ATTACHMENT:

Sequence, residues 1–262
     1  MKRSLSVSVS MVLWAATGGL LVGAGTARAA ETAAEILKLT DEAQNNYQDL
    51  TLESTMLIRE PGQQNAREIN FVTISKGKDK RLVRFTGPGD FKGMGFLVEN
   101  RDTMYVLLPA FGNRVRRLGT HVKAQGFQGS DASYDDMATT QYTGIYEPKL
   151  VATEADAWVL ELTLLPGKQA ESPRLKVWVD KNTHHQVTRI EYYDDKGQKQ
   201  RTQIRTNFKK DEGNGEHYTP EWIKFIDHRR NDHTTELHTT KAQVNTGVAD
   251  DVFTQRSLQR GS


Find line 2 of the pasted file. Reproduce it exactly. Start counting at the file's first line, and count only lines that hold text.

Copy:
     1  MKRSLSVSVS MVLWAATGGL LVGAGTARAA ETAAEILKLT DEAQNNYQDL